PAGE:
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In the third of the four-part series ProPublica's Sebastian Rotella reveals how the United States continued to believe that David Headley was an informant, even after receiving complaints from two of his wives about his radicalisation and his Lashkar-e-Tayiba links. The US State Department communicated the warnings to the CIA and FBI, but it remains unclear why they failed to act upon it.
Part 1: The American behind 26/11 -- and how the US did not stop him
Part 2: Headley, America's 'hip-pocket' source in Pakistan who backfired
Chapter 5: Narrow Escapes
Sajid Mir, Lashkar-e-Tayiba leader in-charge of foreign recruits and one of the masterminds of the 26/11 attacks, told American operative David Coleman Headley he wanted to use him for missions in India.
The American suggested he could perfect his cover by changing his name to hide his Pakistani ancestry and using a Chicago immigration consulting firm owned by Tahawwur Rana, his boyhood friend. Mir loved both ideas.
In the summer of 2005, Headley saw his Canadian wife in New York. He had applied for a green card for her, even though his marriage to his Pakistani wife was known to United States immigration, officials say.
The Canadian was furious. He had gone for months without communicating with her from Pakistan. She had called Headley's father in Lahore, and he told her about the Pakistani wife and children, according to Headley's associate and US officials. The father said Headley claimed to be working for the US government but was spending time in the Lashkar camps, the associate said.
On Aug 25, Headley and his wife argued at his video store, and he allegedly hit her. The police arrested him on charges of assault. The wife also called a terror tip line. Headley had told her a lot over the years, even calling and emailing from the training camps. She knew more about Lashkar, a relatively obscure group, than most Westerners, officials say.
Agents from the Federal Bureau of Investigation-led Joint Terrorism Task Force interviewed her three times. She told them about his extremist activities, overseas training and acquisition of equipment for the terror group. She said he had told her periodically that he was working as a US informant in Pakistan, according to officials and the close associate.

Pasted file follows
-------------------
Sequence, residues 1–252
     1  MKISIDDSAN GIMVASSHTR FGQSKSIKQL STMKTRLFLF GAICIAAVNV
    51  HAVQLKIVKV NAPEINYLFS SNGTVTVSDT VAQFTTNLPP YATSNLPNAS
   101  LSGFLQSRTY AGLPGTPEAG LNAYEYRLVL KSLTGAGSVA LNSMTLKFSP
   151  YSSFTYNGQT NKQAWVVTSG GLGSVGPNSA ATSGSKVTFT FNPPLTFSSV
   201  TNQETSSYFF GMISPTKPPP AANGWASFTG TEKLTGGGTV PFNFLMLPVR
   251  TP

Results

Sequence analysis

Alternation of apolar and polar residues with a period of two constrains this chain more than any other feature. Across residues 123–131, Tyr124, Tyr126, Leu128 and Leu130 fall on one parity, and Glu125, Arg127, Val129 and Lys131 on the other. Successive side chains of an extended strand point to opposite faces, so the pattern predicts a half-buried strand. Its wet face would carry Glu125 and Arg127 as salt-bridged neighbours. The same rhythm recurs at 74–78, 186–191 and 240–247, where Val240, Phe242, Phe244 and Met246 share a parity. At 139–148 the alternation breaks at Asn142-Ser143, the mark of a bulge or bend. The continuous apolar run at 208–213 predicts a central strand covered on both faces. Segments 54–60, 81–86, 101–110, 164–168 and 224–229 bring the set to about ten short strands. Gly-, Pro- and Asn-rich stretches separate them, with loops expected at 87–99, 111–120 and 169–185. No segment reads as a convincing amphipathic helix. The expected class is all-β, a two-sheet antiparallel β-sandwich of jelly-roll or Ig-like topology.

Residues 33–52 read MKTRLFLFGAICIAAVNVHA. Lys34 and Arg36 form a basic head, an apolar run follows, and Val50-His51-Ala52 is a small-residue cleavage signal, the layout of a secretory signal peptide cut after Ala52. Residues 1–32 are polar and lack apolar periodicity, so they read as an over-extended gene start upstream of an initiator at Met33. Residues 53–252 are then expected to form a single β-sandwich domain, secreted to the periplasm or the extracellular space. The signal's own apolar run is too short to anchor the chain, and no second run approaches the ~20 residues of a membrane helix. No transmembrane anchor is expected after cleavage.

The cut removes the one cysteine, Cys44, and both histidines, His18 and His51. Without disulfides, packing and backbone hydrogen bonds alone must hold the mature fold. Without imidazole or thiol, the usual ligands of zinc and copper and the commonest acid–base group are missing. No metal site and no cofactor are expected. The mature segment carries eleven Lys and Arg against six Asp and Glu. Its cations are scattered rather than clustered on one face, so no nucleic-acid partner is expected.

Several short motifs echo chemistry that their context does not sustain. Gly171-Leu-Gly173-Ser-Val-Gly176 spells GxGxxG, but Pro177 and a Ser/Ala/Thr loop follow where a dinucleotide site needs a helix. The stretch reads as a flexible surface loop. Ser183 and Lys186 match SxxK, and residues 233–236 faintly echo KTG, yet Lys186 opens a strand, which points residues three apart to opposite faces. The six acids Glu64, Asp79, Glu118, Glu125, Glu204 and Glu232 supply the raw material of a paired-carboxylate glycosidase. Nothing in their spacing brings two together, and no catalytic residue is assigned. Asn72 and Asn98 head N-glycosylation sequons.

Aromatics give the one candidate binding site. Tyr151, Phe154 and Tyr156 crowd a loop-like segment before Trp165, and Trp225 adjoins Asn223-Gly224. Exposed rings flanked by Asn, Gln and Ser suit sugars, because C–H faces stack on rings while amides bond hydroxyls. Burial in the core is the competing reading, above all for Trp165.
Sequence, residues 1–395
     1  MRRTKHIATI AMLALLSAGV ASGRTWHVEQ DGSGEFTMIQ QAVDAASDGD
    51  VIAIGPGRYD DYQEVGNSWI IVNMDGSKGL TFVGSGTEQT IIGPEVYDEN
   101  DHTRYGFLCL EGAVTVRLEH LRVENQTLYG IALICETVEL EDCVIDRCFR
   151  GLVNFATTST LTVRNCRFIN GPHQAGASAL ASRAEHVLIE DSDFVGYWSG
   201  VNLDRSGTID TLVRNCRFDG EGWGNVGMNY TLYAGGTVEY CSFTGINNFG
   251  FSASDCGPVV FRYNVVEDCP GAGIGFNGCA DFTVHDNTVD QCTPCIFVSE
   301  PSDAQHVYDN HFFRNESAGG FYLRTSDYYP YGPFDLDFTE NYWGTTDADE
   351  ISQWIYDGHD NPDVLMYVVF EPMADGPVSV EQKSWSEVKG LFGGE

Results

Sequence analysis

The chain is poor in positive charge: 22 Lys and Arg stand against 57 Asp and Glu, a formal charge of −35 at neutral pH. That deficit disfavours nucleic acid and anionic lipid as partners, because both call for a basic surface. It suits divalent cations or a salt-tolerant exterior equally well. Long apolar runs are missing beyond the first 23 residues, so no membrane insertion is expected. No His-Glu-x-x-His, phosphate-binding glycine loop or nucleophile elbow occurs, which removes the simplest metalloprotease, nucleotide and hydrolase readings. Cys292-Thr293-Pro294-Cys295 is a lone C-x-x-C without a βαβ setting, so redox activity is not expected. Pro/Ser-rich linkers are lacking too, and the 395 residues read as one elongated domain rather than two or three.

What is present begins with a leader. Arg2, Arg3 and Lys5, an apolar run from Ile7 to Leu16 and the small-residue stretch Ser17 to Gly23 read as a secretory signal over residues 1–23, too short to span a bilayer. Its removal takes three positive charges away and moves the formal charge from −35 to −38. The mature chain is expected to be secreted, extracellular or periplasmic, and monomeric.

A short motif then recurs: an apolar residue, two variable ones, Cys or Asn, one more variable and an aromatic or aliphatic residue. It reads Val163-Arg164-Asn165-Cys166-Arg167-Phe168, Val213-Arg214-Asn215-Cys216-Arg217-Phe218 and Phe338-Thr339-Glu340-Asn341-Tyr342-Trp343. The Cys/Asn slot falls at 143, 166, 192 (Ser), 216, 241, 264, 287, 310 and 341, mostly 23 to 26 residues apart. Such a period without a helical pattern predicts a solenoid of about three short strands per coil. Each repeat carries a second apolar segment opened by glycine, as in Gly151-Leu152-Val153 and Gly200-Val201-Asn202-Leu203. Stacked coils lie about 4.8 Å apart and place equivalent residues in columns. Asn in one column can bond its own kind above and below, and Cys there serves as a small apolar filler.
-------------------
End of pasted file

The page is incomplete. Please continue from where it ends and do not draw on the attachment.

An FBI agent called Headley's former US Drug Enforcement Administration handler, according to the senior DEA official. The FBI agent said the wife had claimed, curiously enough, that the drug agent had obtained night-vision goggles for Headley, according to the senior DEA official.
The DEA agent denied that assertion, the senior official said. The drug agent said Headley was no longer his informant and that the agent had not known Headley to threaten the United States, according to the senior official. The FBI agent said he felt the wife "had an ax to grind" because of the other wife in Pakistan, the senior DEA official said.
The FBI knew about the previous allegations in New York and Philadelphia, according to US law enforcement officials. Yet, the agents did not question Headley as a suspect or even as a potential source of intelligence, officials say.
This story was co-published with PBS FRONTLINE.
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Headley's DEA past influenced FBI's decision to give him a clean chit.
"Why close a case when you have a guy going to Pakistan to train?" said a US law enforcement official who believes Headley was still an informant. "He could have been training with the Al Qaeda, too. We keep cases open for years on people."
A senior law enforcement official said Headley's past with the drug agency influenced the FBI's decision that he was not a threat. The report went into the FBI's Guardian Lead system, which was created to improve the tracking of leads in the wake of the Sept 11 attacks.